Elm Elementary School students brush up on oral hygiene
Lina Yu and Joe Dougherty, dental students from Midwestern University's College of Dental Medicine in Downers Grove, hand out toothbrushes to students. | Ryan Pagelow~Sun-Times Media
Updated: April 22, 2013 10:38AM
ELMWOOD PARK — Students at Elm Elementary School weren’t too happy to hear that some of the foods they love are bad for their teeth.
Groans and gasps came from the students in Marianne DiFrisco’s third grade class when a group of dental students from Midwestern University out of Downers Grove told them how much sugar is in an average glass of chocolate milk (about 26 grams) or a milkshake (50 to more than 100 grams). Soft drinks, Pop-Tarts were high on their list as well.
For several years, dentist Anthony Ponzio has been coming to the school on his own to spread the message of good oral health.
But those annual solo visits could cover only a few classes. This year, he expanded, recruiting 40 of his students.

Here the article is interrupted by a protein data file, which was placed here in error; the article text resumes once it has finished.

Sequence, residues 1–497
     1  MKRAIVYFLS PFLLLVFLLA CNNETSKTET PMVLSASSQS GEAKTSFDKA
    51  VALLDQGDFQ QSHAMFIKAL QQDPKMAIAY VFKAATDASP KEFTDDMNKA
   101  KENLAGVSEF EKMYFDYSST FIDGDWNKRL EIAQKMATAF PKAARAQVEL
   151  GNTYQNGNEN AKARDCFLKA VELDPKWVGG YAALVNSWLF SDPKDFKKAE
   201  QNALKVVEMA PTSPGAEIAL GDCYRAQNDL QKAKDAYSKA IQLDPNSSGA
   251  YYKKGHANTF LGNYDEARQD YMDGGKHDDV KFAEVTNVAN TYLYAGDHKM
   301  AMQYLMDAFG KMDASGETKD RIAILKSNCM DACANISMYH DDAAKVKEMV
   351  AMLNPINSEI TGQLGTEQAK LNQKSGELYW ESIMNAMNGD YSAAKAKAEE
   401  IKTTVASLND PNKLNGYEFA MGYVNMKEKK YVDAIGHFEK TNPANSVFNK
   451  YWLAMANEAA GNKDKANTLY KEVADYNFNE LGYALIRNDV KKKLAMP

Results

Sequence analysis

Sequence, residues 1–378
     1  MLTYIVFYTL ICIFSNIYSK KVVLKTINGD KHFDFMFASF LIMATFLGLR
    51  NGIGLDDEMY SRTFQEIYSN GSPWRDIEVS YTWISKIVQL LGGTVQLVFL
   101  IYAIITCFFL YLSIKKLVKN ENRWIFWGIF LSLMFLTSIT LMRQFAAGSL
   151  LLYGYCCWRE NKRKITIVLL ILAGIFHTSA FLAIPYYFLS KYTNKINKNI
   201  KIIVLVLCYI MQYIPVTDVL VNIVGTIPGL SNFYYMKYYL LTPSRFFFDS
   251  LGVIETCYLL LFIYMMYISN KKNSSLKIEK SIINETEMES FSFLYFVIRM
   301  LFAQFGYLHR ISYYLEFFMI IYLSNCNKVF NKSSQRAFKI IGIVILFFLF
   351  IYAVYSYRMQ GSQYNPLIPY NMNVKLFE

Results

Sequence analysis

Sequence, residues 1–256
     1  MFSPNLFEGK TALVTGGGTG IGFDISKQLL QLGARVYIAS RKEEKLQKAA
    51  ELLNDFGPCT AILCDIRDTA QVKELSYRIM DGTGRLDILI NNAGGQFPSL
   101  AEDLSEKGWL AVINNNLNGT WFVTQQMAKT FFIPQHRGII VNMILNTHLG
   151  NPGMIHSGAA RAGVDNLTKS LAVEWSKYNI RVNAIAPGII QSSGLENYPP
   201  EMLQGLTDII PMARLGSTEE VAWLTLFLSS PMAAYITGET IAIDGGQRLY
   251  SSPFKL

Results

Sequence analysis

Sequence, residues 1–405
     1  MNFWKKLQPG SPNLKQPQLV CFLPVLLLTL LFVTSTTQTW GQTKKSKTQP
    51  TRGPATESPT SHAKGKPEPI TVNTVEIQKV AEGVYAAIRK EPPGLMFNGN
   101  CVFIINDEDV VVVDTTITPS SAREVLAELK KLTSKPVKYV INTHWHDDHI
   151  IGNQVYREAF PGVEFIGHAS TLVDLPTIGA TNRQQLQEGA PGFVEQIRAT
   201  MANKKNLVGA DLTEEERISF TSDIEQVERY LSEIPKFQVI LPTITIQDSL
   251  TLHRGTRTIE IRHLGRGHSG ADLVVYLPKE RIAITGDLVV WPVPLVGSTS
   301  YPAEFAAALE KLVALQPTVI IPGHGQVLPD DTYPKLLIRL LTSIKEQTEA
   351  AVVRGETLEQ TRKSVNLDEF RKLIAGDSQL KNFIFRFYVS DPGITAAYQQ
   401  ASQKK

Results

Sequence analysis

On March 14 the dental students spent the whole day giving presentations to every class in the school. Although there was some disappointment, DiFrisco said, it didn’t last long.
“They love it,” she said. “They were very excited about learning about things that hurt their teeth.”
The dental students stressed to the students the importance of brushing their teeth twice a day as well as flossing. To make sure the students had no excuses, the dental students gave them toothpaste and toothbrushes.
Nia Vazquez, 9, said the presentation was interesting.
“I learned about plaque on your teeth and if you don’t brush your teeth more plaque builds up and could cause a cavity,” she said. “I also learned if you eat too much sugar in one day it stains your teeth.”
Lina Yu, 24, a first-year dental student who volunteered to come out the school, said she had a lot of fun. “A lot of questions they asked were very intriguing,” she said.
She hopes they’ve had an impact on them and taking care of their teeth.
Colin Barile, 9, got the message.
“I thought it was cool,” he said. “All of the information about your teeth and what you can and can’t eat. I thought orange juice was good, but actually it is bad.”
Sue Ponzio, principal of the school, said the event was about giving the students awareness and at the same time inspiring them.
“Give them a spark that seeing these young people they will be inspired to do something like become a dentist and go into higher education,” she said